Saturday, September 08, 2012

Iquitos, Peru: Crafty, Lady

Craft work. It's pretty enough, and for my gal-pal in Iquitos it brings in some hard cash, like way more than I can afford to spend for a decorative piece that should embarrass the average Modernist. It's embroidery. The lady does it for a living. It should be a matter of protest by feminists across the world. But no, it isn't so. Embroidery is seen as something so special when my friend does it that Modernists with way too much money go into raptures when they spend money on this stuff, pretty as it might be.

My buddy, below, comes by most afternoons for a bottle of Inca Cola with me at the diner I sit at at. She and I posed for a photo, for her a very solemn occasion, a matter of summoning up all of ones dignity-- the photo will last forever, and one must be up to it. She looks fine to me. The teenage girls behind the counter go into hysterics when the lady kisses me. I smile. I'm a lucky guy.

My gal-pal is a Shipibo Indian, one of many tribes from the jungle hereabouts in Iquitos. But the Shipibo have the smarts to monopolise the concept of Native here, all other tribes being more or less unheard of by tourists. There are lots of tribes here, but only the Shpibo seem to have hustled themselves into the minds of the tourists. With this particular p.r. hustle they have also created an art style that is now more or less "Shipibo." One sees it on the side of a building at the Plaza de Armas downtown. To my eye it looks derivative of Paul Klee, but what do I know about art? It's now the Native Standard, i.e. Shipibo Art.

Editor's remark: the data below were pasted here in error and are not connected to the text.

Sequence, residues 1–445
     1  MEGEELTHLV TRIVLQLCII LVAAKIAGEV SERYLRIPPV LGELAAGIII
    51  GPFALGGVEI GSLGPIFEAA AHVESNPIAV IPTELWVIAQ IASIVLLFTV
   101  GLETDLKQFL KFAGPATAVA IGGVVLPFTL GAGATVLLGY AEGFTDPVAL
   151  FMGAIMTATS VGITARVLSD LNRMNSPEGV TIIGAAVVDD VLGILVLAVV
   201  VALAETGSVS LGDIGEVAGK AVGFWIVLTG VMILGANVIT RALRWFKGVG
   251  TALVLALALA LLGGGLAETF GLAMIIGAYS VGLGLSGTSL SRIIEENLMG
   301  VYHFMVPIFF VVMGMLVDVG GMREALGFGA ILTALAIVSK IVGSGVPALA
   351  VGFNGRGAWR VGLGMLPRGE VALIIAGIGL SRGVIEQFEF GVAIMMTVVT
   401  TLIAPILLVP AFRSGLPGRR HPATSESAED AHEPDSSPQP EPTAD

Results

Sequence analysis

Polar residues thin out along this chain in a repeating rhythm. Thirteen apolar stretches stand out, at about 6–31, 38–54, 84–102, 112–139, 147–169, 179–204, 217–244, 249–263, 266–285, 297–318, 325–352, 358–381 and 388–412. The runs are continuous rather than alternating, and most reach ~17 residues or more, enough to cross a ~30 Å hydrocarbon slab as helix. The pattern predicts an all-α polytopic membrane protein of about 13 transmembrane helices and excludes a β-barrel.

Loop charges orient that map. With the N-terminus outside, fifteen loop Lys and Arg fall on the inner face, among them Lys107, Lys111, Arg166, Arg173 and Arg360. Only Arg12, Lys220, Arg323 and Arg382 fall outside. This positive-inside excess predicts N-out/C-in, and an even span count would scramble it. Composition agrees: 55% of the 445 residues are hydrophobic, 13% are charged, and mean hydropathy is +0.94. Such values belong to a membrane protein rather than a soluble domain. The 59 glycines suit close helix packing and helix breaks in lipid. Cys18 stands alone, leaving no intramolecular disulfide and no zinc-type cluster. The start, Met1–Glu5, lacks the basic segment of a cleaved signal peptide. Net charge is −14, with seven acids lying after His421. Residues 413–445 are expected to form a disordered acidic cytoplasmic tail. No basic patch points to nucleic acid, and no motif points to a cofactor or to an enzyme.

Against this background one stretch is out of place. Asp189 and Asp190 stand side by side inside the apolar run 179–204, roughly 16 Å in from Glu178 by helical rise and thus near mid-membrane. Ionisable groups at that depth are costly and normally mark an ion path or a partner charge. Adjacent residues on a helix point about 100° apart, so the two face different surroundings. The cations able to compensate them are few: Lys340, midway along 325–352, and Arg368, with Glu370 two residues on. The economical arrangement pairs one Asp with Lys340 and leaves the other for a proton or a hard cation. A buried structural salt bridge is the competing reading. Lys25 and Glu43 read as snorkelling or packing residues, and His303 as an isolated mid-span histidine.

My buddy takes it all very seriously, as do I, even if I can't bring myself to pay for large piece of embroidery like those she carries with her all day every day to sell to tourists, most of who are likewise unable to afford her work. She also sells necklaces to tide her over till she hits on Howard Hughes.  She gave me one, perhaps in payment for a soda one day, and now I wear it in spite of it making look like a hippie. I lack the lady's demeanor, and thus look like a pot-smoking goof wearing a bead necklace. But it was a gift, so I have it on. Maybe I should stop smiling. I find that hard to do.